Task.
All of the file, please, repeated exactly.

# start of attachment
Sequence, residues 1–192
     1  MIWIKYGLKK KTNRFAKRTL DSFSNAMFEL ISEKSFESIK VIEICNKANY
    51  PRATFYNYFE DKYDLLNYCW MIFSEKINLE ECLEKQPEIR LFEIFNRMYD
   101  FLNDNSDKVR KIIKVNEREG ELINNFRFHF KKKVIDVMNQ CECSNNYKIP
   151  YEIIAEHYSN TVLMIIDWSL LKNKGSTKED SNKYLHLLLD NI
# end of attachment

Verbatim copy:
Sequence, residues 1–192
     1  MIWIKYGLKK KTNRFAKRTL DSFSNAMFEL ISEKSFESIK VIEICNKANY
    51  PRATFYNYFE DKYDLLNYCW MIFSEKINLE ECLEKQPEIR LFEIFNRMYD
   101  FLNDNSDKVR KIIKVNEREG ELINNFRFHF KKKVIDVMNQ CECSNNYKIP
   151  YEIIAEHYSN TVLMIIDWSL LKNKGSTKED SNKYLHLLLD NI